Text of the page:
Lina lived in Quillium Square, over the yarn shop run by her grandmother. . . . [The] shop had once been a tidy place, where each ball of yarn and spool of thread had its spot in the cubbyholes that lined the walls. All the yarn and thread came from old clothes that had gotten too shabby to be worn. Granny unraveled sweaters and picked apart dresses and jackets and pants; she wound the yarn into balls and the thread onto spools, and people bought them to use in making new clothes. — Jeanne DuPrau, The City of Ember
About 16 years ago, I stood in our kitchen in Minnesota, a set of thin knitting needles and a ball of sock yarn on the counter. At my feet—scattered everywhere on the linoleum and on the carpet behind me—were beads. My two children were extremely fond of making beaded snakes—of giving them names and homes, and constructing stories about their families and having them visit each other—but they were also extremely fond of dumping the beads everywhere and then using toy construction vehicles such as backhoes, bulldozers, and dump trucks to scoop them and push them and cart them around.
I can still remember how I felt as I stood there, a knitting needle in my right hand, the yarn looped around my left thumb and pinky, beads at my feet, children’s voices tugging at me. My husband was probably travelling yet again for work, and I was experiencing the quiet desperation that often came with having unrelieved days on end of just me and my children in the house. Those stitches that I was casting on to that thin needle felt like a lifeline—each stitch was purposeful and orderly, and it was a useful and creative thing I was attempting to do—and I remember thinking that if I could focus on those stitches, I might just be able to succeed at my one goal in life: being a decent mother who didn’t lose her shit and irrevocably damage her children.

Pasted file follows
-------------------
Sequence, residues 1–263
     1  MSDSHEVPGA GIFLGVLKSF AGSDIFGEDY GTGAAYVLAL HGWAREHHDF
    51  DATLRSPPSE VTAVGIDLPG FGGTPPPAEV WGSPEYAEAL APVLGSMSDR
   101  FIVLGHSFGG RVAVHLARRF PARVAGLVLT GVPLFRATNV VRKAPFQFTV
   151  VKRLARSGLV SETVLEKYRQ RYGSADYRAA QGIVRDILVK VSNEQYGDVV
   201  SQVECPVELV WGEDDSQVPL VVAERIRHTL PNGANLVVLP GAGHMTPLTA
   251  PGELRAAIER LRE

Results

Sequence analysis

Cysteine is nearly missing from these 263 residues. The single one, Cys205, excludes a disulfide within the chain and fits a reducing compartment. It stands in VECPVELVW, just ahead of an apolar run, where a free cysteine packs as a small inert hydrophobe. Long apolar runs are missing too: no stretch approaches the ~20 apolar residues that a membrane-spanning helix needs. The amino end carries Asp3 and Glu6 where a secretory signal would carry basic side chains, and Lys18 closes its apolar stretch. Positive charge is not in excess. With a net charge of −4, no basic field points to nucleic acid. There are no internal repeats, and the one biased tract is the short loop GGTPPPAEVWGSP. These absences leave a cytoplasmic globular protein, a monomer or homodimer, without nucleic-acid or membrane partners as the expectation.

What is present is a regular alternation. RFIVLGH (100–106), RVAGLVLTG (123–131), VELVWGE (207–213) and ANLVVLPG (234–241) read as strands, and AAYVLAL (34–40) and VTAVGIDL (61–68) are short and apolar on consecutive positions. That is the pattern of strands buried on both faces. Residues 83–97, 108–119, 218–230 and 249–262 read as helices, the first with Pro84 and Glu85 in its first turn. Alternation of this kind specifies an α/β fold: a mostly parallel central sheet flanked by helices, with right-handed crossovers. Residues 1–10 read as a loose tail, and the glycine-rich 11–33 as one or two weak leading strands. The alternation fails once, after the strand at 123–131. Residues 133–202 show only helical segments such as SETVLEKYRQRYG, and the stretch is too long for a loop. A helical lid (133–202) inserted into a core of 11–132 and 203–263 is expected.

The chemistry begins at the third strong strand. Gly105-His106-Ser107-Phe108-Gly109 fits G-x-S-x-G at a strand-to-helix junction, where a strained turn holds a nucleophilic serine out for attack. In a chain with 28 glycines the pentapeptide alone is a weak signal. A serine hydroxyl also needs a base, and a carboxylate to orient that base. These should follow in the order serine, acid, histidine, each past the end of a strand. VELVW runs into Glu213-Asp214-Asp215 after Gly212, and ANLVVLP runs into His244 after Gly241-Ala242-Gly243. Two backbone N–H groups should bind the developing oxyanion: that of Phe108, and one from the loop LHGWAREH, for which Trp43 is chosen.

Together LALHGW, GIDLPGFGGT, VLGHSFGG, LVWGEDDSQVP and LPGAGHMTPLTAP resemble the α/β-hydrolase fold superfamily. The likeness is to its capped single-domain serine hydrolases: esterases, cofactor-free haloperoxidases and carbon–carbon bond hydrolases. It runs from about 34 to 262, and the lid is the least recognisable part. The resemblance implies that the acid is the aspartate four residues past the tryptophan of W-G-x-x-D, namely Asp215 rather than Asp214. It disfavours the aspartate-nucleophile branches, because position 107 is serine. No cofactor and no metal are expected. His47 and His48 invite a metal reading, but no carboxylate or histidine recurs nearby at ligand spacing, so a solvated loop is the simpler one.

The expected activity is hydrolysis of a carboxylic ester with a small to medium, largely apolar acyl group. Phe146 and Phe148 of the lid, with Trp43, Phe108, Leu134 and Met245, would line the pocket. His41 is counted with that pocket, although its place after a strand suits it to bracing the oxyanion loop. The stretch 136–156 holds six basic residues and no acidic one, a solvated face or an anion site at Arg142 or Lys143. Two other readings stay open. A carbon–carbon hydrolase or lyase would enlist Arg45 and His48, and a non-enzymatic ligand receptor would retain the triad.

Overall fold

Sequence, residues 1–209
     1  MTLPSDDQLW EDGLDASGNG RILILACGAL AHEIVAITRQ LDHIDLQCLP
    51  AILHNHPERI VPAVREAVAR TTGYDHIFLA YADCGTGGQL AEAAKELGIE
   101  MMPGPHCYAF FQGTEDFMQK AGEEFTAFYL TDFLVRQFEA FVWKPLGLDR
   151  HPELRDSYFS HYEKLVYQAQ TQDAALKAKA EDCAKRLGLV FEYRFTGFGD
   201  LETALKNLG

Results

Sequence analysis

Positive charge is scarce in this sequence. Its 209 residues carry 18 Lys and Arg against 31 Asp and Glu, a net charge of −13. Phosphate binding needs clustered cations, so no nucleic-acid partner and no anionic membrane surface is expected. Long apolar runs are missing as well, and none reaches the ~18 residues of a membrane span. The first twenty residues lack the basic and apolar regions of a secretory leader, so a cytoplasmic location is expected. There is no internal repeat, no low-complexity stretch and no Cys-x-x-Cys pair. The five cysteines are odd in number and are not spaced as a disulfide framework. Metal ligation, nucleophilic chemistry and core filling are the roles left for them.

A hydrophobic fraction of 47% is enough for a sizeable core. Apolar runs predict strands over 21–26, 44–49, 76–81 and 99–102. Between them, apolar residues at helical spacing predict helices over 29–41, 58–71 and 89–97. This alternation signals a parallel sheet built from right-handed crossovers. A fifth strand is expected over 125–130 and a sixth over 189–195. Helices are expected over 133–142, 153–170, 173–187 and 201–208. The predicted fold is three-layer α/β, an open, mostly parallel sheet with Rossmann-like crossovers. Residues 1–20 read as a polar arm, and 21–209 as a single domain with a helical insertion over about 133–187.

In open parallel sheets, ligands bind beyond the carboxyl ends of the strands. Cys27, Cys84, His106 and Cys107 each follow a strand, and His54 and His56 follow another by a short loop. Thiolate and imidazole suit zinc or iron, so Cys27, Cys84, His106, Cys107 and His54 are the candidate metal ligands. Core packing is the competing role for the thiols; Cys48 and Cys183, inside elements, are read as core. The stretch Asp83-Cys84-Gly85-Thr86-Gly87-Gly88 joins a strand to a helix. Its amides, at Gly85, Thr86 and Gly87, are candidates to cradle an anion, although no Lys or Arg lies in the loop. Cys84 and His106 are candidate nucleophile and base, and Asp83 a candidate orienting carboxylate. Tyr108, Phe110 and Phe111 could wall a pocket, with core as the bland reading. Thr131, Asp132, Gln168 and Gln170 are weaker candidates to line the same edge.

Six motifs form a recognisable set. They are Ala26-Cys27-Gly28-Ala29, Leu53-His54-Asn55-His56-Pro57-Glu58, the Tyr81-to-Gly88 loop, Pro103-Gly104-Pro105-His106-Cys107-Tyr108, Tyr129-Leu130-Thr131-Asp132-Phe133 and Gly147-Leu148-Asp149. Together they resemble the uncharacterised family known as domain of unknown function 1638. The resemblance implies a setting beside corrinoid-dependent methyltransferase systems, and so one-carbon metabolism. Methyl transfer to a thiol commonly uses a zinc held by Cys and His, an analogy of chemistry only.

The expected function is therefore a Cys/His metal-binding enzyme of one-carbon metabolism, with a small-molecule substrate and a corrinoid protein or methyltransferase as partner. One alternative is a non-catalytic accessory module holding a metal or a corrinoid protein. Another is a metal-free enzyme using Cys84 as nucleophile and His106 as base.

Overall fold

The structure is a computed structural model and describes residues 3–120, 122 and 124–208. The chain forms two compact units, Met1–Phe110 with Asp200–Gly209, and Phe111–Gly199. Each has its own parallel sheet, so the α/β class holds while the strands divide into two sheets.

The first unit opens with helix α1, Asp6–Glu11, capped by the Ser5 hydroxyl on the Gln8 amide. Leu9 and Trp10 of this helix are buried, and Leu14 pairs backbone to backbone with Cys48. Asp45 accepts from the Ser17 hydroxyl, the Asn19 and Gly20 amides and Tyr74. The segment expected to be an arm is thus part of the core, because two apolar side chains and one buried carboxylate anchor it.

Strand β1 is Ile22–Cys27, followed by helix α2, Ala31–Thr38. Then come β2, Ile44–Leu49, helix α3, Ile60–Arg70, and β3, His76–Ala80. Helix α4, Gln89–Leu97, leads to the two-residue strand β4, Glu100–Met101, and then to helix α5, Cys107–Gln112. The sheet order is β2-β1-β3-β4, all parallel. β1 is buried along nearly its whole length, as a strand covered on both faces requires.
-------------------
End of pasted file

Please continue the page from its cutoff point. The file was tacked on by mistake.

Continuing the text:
This post has taken several sharp turns over the past week. It began as an ode to small things. Then, it morphed into yet-another treatise on handiwork as meditation. Four days ago, it became a rant about women’s work. Three days ago, I dumped everything but the quotation and wrote about reinvention. Two days ago, I yelled at the radio and then vented here about the need to retain a sense of perspective and to keep calm.
Clearly, I have been just as scattered as that box of beads.
I spent yesterday dusting, sweeping, darning, and knitting. While I knit, I watched our prime minister, who is in self-isolation because his wife has tested positive for COVID-19, give a press conference. And as the other news came in—closures and cancellations and directives on social distancing—I kept knitting, and as I did so, I felt my anxiety ebbing away.
We live in a world that uses big measures to quantify success, and because of that, anything small is easy to dismiss. And yet it’s often the small things that end up mattering the most—the small things that build until they collectively break us, or the small things that hold us together when we’re close to falling apart.
The photos, from the top: Darning my older son’s wool socks; knitting socks for my younger son; and—like Lina’s granny—unravelling a pair of hand-knit socks, ones that shrunk in the wash, so I can reuse the yarn. My youngest son needs a scarf, and I think it’s going to be a modification of this one, made from scrap yarn.
How about you? Are small things holding you together too?